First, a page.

The battery voltage = 12 volts.

In the first circuit The op amp works as a current to voltage converter and its output equation is:

Vout = - I * R

I choosed R to be 20 ohm so that each 50 mA will make -1 volt drop.

I put 240 ohm across the 12v battery and I closed S1 switch to make sure that the current passing through it is 50 mA.

Then, I opened S1 and Closed S2 and the output voltage of the op amp is -1 volt.

The equation works well yet.

In practice, I don't have a supply that can produce negative voltages, so I have to build a bias for the op amp which is in the second circuit.

The positive input of the op amp is now 6 volts.

When I close S2, I would expect the voltage to be 6 - 1 = 5 volts.

but the result is 5.5 volts !!

Why does that happen? and What modifications should I make to get correct results? can I add a buffer or something like that ?

If I can not modify the circuit, What is the best way to measure small currents without using multimeter or ammeter?

Thank you very much,

enter image description here

  • 1
    \$\begingroup\$ Expecting an op-amp to supply 50mA is naive in a lot of cases. \$\endgroup\$
    – Andy aka
    Commented Jan 14, 2016 at 11:38
  • 1
    \$\begingroup\$ Is your supply actually 12 V? If it was 13 V it would explain your readings. \$\endgroup\$
    – Transistor
    Commented Jan 14, 2016 at 14:00
  • \$\begingroup\$ @transistor I put 12 volts in the simulator :) I put a new answer would you check it for me please? \$\endgroup\$ Commented Jan 15, 2016 at 10:41

3 Answers 3


As discussed in the comments, the problem is that the op-amp will adjust the output until the '-' input is the same as the '+' input which is held at 6 V. That means there is only 6 V (12 V from battery - 6 V from R1/R3) across R4 now.


simulate this circuit – Schematic created using CircuitLab

Figure 1. Non-inverting amplifier.

You may find the non-inverting amplifier easier to work with.

  • \$I_{in}\$ will produce \$100 \cdot R1\$ volts to the '+' input.
  • \$V_{out} = 1 + \frac {R_f}{R_i}\$.

Everything is positive with respect to ground. You just need an op-amp that can run to negative rail.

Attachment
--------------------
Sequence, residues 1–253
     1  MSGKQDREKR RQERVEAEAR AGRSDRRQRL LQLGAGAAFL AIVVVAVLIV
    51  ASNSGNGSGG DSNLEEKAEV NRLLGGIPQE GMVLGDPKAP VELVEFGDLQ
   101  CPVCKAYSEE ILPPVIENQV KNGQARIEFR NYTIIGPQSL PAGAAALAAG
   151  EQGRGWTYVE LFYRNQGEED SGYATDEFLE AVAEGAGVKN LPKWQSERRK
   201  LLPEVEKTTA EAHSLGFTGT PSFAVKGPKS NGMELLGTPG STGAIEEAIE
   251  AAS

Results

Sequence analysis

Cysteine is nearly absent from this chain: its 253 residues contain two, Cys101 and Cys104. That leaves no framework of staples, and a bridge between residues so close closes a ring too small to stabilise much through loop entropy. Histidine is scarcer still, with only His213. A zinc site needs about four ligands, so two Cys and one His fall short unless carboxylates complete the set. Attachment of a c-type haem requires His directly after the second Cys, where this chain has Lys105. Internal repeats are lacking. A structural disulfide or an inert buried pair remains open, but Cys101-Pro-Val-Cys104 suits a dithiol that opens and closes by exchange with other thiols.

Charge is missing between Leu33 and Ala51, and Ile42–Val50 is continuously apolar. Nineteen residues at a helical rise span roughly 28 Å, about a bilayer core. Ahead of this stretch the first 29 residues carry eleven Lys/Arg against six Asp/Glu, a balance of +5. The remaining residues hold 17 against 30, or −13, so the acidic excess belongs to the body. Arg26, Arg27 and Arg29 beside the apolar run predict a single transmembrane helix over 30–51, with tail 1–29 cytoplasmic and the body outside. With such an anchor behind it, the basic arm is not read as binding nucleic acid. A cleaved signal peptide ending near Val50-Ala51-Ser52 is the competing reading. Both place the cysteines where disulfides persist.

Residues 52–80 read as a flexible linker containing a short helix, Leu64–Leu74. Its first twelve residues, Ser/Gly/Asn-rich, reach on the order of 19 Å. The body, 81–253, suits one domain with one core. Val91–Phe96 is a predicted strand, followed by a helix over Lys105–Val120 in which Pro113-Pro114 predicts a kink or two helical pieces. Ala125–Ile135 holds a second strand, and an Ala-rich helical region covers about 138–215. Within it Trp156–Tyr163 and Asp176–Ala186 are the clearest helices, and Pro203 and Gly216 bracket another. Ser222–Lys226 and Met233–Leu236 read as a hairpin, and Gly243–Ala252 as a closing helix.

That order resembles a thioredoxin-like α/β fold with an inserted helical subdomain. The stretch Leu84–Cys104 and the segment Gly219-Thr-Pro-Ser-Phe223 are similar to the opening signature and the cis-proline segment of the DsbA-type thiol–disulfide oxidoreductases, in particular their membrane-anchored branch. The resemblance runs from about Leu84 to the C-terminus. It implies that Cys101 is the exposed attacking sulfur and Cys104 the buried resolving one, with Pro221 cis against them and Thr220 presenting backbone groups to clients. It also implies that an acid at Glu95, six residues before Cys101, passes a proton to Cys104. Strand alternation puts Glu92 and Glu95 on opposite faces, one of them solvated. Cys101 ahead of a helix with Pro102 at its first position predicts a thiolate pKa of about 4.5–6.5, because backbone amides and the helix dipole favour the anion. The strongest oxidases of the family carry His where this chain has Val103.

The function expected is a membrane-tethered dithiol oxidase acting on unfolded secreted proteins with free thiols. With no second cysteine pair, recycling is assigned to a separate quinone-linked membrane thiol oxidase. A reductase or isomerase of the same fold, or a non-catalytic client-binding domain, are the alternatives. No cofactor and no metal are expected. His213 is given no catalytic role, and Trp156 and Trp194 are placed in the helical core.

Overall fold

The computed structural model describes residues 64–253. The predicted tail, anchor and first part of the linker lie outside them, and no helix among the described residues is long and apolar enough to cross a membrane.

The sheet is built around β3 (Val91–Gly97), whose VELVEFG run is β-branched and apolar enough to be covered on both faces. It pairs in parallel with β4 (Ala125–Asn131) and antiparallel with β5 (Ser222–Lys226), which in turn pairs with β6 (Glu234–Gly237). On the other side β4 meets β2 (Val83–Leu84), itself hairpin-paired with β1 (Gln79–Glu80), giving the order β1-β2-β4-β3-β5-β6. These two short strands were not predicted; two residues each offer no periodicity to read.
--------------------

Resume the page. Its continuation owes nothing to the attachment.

Get a copy of LTSpice and simulate the circuit, you will learn a lot!

Please also let us know what where your reference point is.

Please label you resistors for easy reference.

What you have is an inverting Opamp circuit.

In the second case, the 20ohm and 240 ohm resistors make a voltage divider.

The Opamp will never drive to the negative rail (even so called rail to rail versions have a small voltage drop).

Putting a probe on an opamp input is NEVER a good idea, the impedances are just too high.

The output of the opamp should go to near the negative supply(perhaps even a volt or so depending on the type of opamp), or about -5V5 to the centre 'virtual earth' formed by the 51K resistors.

This is probably where your discrepancy lies.

Your voltmeter impedance might also be skewing with the 51K resistors.

Rather make a low impedance virtual earth using another opamp as a follower with the feedback resistor at zero ohms, and put a decoupling cap on that to smooth it.

Then retest.

When measuring currents, you would normally have largish resistors in series with the inputs with a shunt (< 1 Ohm) between the probes.

These circuits are all well described in the literature from any manufacturer.


I've tried LTspice and I got the same results, but I think I know the answer now:

If I put a 240 ohm resistor across 12 volts battery, The current will be 50 mA. Now I need to measure that current (50 mA) without using a multimeter or ammeter.

If I used the "current to voltage" converter without biasing the opamp the equation number (1) will work (as shown in the picture below).

What I mean by "without biasing the opamp" is to ground the positive input.

Vout = - I * R2 = - 50 mA * 20 ohm = -1 volts.

The output voltage changed from 0 to -1 and that is what I need: Each 50mA produce voltage drop of 1 volt. I can not do that practically because my supply is from 0 to 12. and I can not get -1 volts so I have to bias the op amp.

If want to bias the op amp the current (I) will be changed.

The new value of the current (I) will be as the following:

I new = I old * R1 / (R1 + R3)

The new current = 50 mA * 0.5 = 25 mA.

Where the number 0.5 is the ratio of the resistors.

The new output voltage after biasing:

Vout = positive input voltage - I * R Vout = 6 - 25mA * 20 ohm = 5.5 volts

That is the result that I get using simulators.

If I need that each 50 mA to drop the output voltage by 1 volt, I have to adjust the resistor R2 again as in the equation number (2). I will multiply R2 by a correction factor as shown and the new value of R2 will be 40 ohm.

Now let's try it: I have 50mA current flowing through 240 ohm resistor if I connected it across 12 volts battery.

I need to measure that current. So, I will connect the resistor to the circuit, The current will change but R2 corrects it again. and the output voltage will be 5 volts instead of 6 volts. 1 voltage drop means 50 mA passing through the resistor.

I tried some values of resistors and equation (2) works. but I still not sure if I can rely on it?

enter image description here

  • 1
    \$\begingroup\$ I haven't time to read all your answer just now but the op-amp will adjust the output until the '-' input is the same as the '+' input. That means there is only 6 V across R4 now. Have you allowed for that? \$\endgroup\$
    – Transistor
    Commented Jan 15, 2016 at 11:52
  • \$\begingroup\$ @transistor Yes your are right there is 6 volts across R4, that's why I've adjusted R2. Thank you :) \$\endgroup\$ Commented Jan 15, 2016 at 12:05
  • 1
    \$\begingroup\$ So is everything OK now? \$\endgroup\$
    – Transistor
    Commented Jan 15, 2016 at 13:06

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